Porsche hopes eFuel will make its cars greener than electric vehicles
Catherine Drew


The announcement by Porsche that it is investing more than $28 million to develop synthetic fuels in a bid to make older car models as green as electric ones has been welcomed by many.

The German luxury car maker says a cleaner "eFuel", will allow its older models to stay on the road longer. It is promising news for the many classic Porsche fans who want to keep driving their beloved motors.


Late football star Diego Maradona's Porsche was put on display before auction in March. /Reuters/Johanna Geron

Late football star Diego Maradona's Porsche was put on display before auction in March. /Reuters/Johanna Geron


"We need to be realistic. I'm a big electric vehicle fan here, but we know that internal combustion engine vehicles will remain on the roads for many years to come," motoring journalist Amanda Stretton told CGTN Europe.

She explained that some environments such as deserts, forests and locations without charging infrastructure would not be be able to make the switch to electric vehicles as quickly as others.

"Developing these fuels is a really interesting move because Porsche is really protecting their core business, which is high-performance cars."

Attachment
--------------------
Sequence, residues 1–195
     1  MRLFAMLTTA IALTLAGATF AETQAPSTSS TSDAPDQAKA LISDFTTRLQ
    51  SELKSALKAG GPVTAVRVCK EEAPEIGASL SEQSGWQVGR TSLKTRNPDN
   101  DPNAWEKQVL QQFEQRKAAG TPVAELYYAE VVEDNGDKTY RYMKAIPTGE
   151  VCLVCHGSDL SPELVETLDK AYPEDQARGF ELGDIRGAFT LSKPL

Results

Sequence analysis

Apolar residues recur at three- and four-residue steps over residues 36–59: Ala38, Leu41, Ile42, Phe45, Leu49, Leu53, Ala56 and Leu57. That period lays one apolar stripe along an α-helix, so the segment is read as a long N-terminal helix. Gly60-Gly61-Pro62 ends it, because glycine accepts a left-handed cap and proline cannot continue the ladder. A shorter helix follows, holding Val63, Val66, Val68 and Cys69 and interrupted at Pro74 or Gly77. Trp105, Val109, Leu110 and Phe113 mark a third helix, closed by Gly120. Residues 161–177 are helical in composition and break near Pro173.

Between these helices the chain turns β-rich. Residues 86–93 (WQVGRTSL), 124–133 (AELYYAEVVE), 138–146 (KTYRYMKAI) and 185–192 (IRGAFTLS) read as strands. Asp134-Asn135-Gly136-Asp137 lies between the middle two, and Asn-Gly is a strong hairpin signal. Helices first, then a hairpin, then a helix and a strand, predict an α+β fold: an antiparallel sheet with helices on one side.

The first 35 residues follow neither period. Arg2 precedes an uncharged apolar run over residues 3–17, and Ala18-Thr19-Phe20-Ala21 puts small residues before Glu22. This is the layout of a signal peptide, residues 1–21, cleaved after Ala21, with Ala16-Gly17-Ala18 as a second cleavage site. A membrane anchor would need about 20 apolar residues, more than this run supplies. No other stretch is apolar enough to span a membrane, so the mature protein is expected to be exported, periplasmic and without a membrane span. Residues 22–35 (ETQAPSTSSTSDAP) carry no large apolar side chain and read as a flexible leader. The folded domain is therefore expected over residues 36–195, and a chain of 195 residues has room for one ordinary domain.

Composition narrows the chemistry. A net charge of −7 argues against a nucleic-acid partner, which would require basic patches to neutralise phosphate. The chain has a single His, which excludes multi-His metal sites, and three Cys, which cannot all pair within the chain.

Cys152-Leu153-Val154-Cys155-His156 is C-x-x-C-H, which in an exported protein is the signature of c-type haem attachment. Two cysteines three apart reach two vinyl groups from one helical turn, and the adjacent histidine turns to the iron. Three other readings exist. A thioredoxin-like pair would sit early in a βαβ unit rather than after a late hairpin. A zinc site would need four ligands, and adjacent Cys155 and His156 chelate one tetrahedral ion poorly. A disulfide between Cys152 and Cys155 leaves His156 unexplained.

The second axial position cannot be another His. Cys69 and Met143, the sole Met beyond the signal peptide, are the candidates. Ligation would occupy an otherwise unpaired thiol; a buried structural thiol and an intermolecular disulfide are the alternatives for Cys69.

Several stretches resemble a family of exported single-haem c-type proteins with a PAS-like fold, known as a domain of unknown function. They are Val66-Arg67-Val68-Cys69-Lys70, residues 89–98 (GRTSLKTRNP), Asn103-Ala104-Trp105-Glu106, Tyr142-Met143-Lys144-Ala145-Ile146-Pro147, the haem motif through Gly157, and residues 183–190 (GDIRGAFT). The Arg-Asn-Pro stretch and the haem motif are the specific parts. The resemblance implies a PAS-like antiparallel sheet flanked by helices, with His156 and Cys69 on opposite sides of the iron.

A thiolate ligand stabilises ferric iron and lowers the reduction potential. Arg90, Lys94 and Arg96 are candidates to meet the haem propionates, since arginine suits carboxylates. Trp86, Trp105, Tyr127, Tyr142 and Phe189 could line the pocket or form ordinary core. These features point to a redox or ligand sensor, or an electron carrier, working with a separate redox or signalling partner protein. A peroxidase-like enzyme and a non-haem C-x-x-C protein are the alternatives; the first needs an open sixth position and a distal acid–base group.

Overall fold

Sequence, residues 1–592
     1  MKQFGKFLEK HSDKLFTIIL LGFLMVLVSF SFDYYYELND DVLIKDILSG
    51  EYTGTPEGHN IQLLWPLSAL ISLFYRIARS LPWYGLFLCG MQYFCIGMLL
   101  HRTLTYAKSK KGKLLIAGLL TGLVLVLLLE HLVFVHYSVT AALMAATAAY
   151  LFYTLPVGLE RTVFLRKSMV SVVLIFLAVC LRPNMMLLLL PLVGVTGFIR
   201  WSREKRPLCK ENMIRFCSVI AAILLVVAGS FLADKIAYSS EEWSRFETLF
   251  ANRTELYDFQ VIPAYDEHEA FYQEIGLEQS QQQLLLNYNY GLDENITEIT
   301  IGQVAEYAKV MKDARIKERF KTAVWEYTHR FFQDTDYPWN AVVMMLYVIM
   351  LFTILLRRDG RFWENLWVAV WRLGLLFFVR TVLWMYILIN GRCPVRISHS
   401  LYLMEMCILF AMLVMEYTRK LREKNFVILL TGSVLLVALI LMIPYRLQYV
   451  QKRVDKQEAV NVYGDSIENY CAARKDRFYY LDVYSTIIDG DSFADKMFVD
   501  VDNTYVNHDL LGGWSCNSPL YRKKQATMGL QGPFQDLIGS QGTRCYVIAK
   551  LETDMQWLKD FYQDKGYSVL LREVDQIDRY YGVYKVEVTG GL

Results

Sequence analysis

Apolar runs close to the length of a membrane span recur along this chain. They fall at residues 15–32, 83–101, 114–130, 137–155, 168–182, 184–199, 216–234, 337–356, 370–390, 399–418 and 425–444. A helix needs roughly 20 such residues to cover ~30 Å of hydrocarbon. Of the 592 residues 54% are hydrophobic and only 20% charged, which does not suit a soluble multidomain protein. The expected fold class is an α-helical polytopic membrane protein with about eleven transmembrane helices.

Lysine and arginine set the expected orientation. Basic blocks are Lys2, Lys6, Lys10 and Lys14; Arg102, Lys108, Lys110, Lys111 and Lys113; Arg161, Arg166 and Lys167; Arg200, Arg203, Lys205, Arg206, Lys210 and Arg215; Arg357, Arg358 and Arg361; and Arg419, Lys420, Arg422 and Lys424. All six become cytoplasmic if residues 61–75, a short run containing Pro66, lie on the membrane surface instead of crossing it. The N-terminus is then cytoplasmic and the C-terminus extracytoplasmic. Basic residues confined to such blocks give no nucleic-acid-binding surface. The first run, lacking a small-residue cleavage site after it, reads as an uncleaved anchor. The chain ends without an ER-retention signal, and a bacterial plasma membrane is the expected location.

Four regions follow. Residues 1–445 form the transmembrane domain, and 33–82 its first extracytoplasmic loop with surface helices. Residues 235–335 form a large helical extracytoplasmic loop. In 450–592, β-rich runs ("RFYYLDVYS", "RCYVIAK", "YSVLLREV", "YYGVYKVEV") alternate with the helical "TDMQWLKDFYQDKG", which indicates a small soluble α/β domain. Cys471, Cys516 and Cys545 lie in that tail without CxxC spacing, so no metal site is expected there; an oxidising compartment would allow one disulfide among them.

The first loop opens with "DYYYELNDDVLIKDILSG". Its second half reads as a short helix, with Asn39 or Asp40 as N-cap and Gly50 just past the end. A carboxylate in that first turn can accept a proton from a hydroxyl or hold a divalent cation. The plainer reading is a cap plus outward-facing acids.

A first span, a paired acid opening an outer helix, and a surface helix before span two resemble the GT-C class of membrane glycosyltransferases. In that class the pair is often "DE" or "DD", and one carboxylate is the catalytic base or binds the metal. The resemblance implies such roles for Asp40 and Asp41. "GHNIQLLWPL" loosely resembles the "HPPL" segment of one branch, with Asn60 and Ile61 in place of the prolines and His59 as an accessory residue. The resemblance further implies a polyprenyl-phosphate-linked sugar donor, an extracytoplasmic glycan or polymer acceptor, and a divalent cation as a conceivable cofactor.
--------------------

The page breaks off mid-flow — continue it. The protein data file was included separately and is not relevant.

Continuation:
But can a combustion engine fuel really be green? Porsche recently claimed its eFuel could cut CO2 emissions by more than 85 percent and would be a cleaner option than electric vehicles when taking into account the environmental impact of battery production.

However, Porsche also remains committed to its electric strategy, insisting 50 percent of its model range will be either electric or hybrid by 2025.

Porsche's eFuel is to be produced at a plant in Chile, near South America's largest wind farm. Synthetic methanol gasoline will be made using green hydrogen, powered by the wind.

The plant is scheduled to produce 550 million gallons by 2026, which the car maker says will initially be used for Porsche's motorsport activities.


A Porsche showroom in Brussels. /Reuters/Yves Herman

A Porsche showroom in Brussels. /Reuters/Yves Herman


Stretton, who is also a former racing driver, told CGTN Europe that, just as Jaguar Land Rover is trialing hydrogen fuel cells, the search for synthetic fuels should be welcomed. 

"I think it's actually quite encouraging that we have got some manufacturers going against the grain of solely electric, because we're going to need another solution. And if these eFuels are as efficient as they say, and they're touting numbers like an 85 percent reduction in emissions, putting it on a par with an EV, well, that's going to be great news for the environment," she said.

While dozens of cities and around 14 countries have proposed banning cars powered by fossil fuels by 2040, the UN Economic Commission for Europe predicts the global on-road car fleet will double by 2050, from 1.2 billion to 2.5 billion vehicles.

Many fear the majority of cars in developing countries will be exports of second-hand vehicles from regions such as the EU, where tighter environmental restrictions mean they are no longer allowed on the roads. Without synthetic fuels, emissions from these cars will continue to have a global impact.  

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